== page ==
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Redefining tie strength – how social media (can) help us to get non-redundant useful information and emotional support

Junior Research groupSocial Media
Duration01/2013 - 12/2017
FundingERC Starting Grant
Project description

Social media help us to stay in touch with many people – no matter whether they are close friends (so-called strong ties), acquaintances (weak ties) or people we barely know. Research on social capital showed that strong ties provide us with emotional support whereas weak ties provide us with useful non-redundant information. Do social media change how and from whom we receive informational and emotional support?

That are the central questions of the ERC starting grant project ReDefTie.

The project consists of three subprojects. In subproject 1, the causal relationships between social media use and indicators of emotional and informational social support are studied in a longitudinal study with a representative sample of Dutch online users. Two PhD projects examine in depth the underlying cognitive and affective processes. Subproject 2 studies how people can form a correct knowledge representation of their social network (who knows what?) from the vast amount of ephemeral and often superficial status updates and tweets. The main focus of this subproject is on automatic processes. Subproject 3 examines whether social media only provide people with the illusion of connection or whether and under which circumstances they can provide actual emotional support.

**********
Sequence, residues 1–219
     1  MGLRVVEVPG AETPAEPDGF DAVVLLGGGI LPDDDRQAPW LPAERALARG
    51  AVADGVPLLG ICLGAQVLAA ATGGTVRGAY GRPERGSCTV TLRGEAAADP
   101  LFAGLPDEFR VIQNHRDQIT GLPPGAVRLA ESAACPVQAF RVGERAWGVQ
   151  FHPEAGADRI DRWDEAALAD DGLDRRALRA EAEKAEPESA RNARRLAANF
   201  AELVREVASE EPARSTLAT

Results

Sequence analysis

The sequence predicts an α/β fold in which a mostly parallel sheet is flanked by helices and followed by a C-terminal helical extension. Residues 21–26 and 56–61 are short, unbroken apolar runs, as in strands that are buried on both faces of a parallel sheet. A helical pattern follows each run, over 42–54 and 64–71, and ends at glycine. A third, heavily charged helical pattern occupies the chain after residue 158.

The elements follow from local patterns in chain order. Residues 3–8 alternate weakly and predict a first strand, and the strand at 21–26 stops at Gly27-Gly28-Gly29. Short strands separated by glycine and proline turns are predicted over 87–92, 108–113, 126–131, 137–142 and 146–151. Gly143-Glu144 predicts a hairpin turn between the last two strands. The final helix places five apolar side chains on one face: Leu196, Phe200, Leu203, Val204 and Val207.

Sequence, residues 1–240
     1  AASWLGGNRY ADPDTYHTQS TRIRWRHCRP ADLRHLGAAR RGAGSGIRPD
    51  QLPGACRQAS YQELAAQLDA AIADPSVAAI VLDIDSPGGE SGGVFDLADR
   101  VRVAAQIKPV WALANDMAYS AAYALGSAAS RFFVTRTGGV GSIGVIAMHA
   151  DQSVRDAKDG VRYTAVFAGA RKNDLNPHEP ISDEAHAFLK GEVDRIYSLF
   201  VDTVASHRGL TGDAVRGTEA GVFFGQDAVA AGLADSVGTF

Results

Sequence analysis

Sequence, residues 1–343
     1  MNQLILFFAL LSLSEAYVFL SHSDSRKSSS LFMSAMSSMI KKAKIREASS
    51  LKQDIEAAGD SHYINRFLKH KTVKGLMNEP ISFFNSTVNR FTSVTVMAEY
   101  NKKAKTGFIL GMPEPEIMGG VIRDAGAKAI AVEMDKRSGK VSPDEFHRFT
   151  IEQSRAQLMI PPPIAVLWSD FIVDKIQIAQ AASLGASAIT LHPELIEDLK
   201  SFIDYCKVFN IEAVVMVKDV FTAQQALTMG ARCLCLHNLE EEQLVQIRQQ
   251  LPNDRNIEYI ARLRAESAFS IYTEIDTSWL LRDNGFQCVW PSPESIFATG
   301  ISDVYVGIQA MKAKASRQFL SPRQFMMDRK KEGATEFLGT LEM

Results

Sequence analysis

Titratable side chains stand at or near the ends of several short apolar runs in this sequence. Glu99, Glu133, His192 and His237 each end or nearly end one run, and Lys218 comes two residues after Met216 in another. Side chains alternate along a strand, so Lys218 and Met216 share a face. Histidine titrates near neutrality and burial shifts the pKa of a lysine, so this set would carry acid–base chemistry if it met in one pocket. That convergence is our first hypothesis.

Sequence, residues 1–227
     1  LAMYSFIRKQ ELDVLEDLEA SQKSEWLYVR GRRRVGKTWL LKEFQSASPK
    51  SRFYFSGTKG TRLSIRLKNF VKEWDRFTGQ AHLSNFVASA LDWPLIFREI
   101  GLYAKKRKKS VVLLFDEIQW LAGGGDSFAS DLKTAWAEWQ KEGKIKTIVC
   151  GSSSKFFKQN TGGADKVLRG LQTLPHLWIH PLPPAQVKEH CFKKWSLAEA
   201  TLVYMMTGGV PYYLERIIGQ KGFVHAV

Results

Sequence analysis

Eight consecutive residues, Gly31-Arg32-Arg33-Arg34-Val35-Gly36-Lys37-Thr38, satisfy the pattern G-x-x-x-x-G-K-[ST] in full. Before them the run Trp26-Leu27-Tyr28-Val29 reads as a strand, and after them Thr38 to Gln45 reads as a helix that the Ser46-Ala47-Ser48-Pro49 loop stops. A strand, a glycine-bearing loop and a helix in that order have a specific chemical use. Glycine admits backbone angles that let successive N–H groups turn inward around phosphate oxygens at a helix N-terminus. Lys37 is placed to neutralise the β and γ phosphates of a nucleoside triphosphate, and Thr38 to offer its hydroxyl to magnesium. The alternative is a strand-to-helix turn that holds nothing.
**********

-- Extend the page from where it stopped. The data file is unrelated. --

First results of the longitudinal study show that mainly users of business network such as LinkedIn report informational benefits in professional settings. The experiments indicate that the regular skimming of updates contributes to the development of so-called ambient awareness, knowledge about the network members. These results have implications for organizational knowledge management.


Levordashka, A. & Utz, S. (2017). Spontaneous trait inferences on social media. Social Psychological and Personality Science, 8(1), 93-101.

Utz, S. & Breuer, J. (2017). The relationship between use of social network sites, online social support, and well-being: Results from a 6-wave longitudinal study. Journal of Media Psychology, 29(3), 115-125.

Utz, S. (2016). Is LinkedIn making you more successful? The informational benefits derived from public social media. New Media & Society, 18(11), 2685-27025.

Levordashka, A., & Utz, S. (2016). Ambient awareness: From random noise to digital closeness in online social networks. Computers in Human Behavior, 60, 147–154.

Lin, R. & Utz, S. (2015). The emotional responses of browsing facebook: happiness, envy, and the role of tie strength. Computers in Human Behavior, 52, 29-38.

You can find further publications here.


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